Apollo 13 Problem Solving

Apollo 13 Problem Solving-13
In addition, a vent for liquid oxygen would not close at first and required several recyclings before it would shut properly.The launch, itself, went according to plan, although it went off an hour late.Immediately after attempting to follow flight control's last order to stir the cryo tanks, astronaut Jack Swigert heard a loud bang and felt a shudder throughout the ship.

Luckily, it ended well, but it took every bit of brainpower among the astronauts and the mission controllers to make it work. Just days before liftoff, astronaut Ken Mattingly was replaced by Jack Swigert when Mattingly was exposed to German measles.

There were also some technical issues that should have raised eyebrows.

In case of complete engine loss, this meant the craft would slingshot around the moon and be on course for a return to Earth.

After completing the broadcast, flight control sent another message, "13, we got one more item for you when you get a chance. In addition, have a shaft and trunnion, for a look at the Comet Bennett if you need it." Moments later, disaster struck.

There were two problems to be solved to keep the astronauts alive: first, getting the ship and crew on the fastest route home and second, conserving consumables, power, oxygen, and water.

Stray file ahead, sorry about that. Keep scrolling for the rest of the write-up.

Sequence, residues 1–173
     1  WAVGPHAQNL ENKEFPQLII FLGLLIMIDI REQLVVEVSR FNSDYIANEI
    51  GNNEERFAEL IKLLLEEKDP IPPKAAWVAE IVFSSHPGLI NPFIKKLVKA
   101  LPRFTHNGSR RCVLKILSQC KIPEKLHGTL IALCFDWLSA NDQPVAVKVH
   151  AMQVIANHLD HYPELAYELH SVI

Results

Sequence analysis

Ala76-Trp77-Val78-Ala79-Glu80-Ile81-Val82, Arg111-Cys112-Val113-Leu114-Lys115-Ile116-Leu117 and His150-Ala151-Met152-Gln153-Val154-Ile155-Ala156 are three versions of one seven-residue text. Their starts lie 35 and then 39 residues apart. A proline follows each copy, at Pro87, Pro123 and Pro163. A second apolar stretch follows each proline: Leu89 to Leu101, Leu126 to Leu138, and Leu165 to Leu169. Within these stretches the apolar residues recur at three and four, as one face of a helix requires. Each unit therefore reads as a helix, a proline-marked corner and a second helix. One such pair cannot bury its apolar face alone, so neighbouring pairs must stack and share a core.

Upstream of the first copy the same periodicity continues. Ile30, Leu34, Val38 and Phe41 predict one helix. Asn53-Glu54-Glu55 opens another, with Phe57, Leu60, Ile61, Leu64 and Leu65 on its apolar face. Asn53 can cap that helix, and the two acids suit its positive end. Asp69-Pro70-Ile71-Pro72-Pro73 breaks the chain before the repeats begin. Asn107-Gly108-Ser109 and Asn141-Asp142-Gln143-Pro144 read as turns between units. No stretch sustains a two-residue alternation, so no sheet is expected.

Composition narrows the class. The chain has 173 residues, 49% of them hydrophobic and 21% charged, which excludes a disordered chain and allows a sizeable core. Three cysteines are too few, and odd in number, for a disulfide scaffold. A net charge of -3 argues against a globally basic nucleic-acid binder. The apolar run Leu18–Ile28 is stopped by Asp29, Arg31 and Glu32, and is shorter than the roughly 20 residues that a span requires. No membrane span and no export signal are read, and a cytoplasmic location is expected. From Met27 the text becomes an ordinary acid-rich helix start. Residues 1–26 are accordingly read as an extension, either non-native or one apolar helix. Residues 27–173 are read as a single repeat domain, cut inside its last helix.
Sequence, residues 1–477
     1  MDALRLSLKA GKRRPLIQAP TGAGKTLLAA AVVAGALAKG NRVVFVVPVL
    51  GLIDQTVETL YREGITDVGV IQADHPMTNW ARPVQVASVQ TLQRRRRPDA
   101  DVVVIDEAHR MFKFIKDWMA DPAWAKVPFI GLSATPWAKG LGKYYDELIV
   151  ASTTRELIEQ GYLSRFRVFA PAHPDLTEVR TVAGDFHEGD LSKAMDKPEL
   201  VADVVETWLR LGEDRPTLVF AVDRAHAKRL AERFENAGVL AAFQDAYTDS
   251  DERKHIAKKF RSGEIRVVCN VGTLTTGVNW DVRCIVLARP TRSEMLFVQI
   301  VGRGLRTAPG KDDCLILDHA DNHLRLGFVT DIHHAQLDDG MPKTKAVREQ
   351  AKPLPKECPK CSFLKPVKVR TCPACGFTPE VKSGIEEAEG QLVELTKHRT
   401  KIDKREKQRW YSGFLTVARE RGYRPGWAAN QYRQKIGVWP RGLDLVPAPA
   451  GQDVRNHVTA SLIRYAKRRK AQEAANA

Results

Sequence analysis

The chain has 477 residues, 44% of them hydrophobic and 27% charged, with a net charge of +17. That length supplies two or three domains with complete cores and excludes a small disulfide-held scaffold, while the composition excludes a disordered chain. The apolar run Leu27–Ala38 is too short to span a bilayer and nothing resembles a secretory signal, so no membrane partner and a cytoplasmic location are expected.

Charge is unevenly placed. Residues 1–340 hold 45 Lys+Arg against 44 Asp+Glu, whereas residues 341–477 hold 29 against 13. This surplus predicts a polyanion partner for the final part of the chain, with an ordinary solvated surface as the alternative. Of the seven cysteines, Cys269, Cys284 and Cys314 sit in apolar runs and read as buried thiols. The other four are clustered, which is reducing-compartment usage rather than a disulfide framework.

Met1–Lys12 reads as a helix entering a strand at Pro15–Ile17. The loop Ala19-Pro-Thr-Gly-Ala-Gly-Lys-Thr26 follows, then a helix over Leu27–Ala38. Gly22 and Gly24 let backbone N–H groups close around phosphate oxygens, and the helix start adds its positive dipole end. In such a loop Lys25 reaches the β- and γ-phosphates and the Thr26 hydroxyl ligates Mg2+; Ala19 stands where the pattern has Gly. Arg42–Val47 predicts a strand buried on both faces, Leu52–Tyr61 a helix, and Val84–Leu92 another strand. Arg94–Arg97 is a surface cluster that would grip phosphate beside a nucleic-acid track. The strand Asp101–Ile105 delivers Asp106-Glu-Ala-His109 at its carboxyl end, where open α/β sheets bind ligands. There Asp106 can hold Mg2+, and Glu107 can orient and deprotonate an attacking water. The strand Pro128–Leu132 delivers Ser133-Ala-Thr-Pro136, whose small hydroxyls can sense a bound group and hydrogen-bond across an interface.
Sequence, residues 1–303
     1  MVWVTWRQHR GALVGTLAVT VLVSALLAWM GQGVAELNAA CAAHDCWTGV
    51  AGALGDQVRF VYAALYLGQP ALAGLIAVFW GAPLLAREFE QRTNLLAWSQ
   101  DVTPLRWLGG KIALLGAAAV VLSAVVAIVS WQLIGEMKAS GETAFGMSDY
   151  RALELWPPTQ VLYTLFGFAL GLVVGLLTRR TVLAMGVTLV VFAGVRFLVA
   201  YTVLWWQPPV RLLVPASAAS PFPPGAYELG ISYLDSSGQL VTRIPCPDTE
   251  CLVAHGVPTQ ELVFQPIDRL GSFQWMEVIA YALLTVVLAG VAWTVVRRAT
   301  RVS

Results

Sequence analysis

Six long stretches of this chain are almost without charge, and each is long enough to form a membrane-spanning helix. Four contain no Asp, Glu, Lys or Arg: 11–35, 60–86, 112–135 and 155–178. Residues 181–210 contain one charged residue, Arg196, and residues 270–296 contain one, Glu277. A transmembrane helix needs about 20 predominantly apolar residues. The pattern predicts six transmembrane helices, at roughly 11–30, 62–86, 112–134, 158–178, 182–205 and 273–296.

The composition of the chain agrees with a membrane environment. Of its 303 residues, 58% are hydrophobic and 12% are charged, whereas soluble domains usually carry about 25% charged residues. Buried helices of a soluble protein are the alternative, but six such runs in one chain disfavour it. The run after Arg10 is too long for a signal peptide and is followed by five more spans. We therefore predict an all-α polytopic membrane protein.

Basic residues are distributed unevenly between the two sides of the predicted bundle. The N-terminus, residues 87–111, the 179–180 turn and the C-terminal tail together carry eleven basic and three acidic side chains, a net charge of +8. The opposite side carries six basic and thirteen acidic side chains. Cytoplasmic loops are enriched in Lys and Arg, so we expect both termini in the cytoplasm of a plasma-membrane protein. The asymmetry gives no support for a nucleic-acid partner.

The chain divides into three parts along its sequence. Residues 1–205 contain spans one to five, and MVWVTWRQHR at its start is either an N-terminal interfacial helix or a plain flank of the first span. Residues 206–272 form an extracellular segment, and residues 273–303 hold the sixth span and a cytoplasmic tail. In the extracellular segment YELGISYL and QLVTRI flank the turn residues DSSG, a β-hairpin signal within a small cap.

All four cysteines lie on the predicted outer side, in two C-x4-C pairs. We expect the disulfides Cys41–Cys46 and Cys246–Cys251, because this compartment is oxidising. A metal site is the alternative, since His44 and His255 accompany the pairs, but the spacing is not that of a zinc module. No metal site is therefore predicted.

However, sometimes one component interfered with the other.Then, the third stage engine ired for an extra nine seconds during its orbital insertion burn.Fortunately, this all resulted in a mere 1.2 feet per second greater speed than planned.At first, they thought it was a practical joke previously played by Fred Haise. Seeing the expression on Jack Swigert’s face, Jim Lovell knew immediately that there was a real problem and hurried into the CSM to join his lunar module pilot. Alarms were going off as voltage levels of the main power supplies were dropping rapidly.If power was completely lost, the ship had a battery backup, which would last for about ten hours. Looking out a port, the astronauts saw something that gave them another concern."We are, we are venting something out the, into the ahh, into space." A momentary hush fell over the Flight Control Center in Houston as this new information sank in.Then, a flurry of activity began as everybody conferred. As several suggestions for correcting the dropping voltage were raised and tried unsuccessfully, it quickly became apparent that the electrical system could not be saved.Apollo 13 was a mission that tested NASA and its astronauts to the hilt.It was the thirtheenth scheduled lunar space exploration mission, scheduled for liftoff at the thirtheenth minute after the thirteenth hour.The resulting impact was to be measured by equipment left behind by Apollo 12.The command service and lunar modules were then on "free return" trajectory.


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